Where free shipping really, really isn't free
Testing oversight: Widespread glitches in Web site upgrade
Consequence: Clothier J. Crew suffers huge financial losses and widespread customer dissatisfaction in wake of "upgrade" that blocks and fouls up customer orders for a month.
On June 28, 2008, engineers took down the Web site for clothes retailer J. Crew for 24 hours to perform an upgrade. In terms of the results of this effort, one might argue that the site did not in fact come back online for several weeks, even though it was still serving pages.
The company's 10-Q filing summarized the problems: "During the second quarter of fiscal 2008 we implemented certain direct channel systems upgrades which impacted our ability to capture, process, ship and service customer orders." That's because the upgrade essentially prevented site visitors from doing anything other than look at photos of fashionable clothes.
Among the problems reported by customers was this whopper: A man who ordered some polo shirts received, instead, three child-size shirts and a bill for US$44.97 for the shirts, plus US$9,208.50 for shipping. And before you ask, no, they weren't hand-delivered by a princess in an enchanted coach.
As a result, the company temporarily shut down e-mail marketing campaigns designed to drive business to the Web site. It also had to offer discounts, refunds, and other concessions to customers who couldn't correct orders conducted online or who received partial or wrong orders.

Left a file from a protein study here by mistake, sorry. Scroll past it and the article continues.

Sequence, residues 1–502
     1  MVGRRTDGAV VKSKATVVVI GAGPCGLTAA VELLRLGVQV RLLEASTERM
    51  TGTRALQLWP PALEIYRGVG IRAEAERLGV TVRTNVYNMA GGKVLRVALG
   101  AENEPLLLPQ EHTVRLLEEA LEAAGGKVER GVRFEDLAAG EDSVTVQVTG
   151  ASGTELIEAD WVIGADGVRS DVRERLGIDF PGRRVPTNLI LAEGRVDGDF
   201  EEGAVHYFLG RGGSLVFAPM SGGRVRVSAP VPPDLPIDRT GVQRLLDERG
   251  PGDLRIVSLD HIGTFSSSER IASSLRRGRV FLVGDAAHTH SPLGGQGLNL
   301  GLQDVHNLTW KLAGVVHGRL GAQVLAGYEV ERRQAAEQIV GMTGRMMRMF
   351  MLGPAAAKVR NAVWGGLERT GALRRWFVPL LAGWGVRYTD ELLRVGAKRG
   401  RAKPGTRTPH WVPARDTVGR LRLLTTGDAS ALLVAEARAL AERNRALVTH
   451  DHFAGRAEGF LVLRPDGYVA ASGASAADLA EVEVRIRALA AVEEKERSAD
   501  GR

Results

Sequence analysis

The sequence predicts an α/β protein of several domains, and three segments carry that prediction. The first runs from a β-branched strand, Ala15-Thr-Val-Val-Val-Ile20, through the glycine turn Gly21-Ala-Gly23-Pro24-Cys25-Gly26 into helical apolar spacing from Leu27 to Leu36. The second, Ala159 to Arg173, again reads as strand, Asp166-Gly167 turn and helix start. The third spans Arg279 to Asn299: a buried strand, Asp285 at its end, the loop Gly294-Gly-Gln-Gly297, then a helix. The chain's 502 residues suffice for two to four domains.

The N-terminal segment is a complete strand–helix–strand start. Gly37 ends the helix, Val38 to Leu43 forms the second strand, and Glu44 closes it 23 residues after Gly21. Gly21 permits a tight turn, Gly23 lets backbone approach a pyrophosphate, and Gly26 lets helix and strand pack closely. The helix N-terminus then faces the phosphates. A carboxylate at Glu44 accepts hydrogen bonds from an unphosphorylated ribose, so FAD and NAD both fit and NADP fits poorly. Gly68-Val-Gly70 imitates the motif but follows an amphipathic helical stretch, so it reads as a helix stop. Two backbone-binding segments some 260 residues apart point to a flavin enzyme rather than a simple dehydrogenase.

But the biggest story is how the Web site upgrade affected the company's bottom line. In a conference call with investors in August, CFO James Scully said, "The direct system upgrades did impact our second-quarter results more than we had anticipated and will also impact our third-quarter and fiscal-year results," according to a transcript of the call.
Testing tip: When your company's bottom line depends on the availability of your Web site, there's no excuse for not running a thorough internal trial to probe the functionality of the entire site before you throw that update live to the world. Bring everyone on the Web team into the office, buy a bunch of pizzas, and tell them to click absolutely everything. And keep full backups of your old site's front and back end, just in case you do somehow push a broken site update live and need to revert to save your company from unmitigated disaster.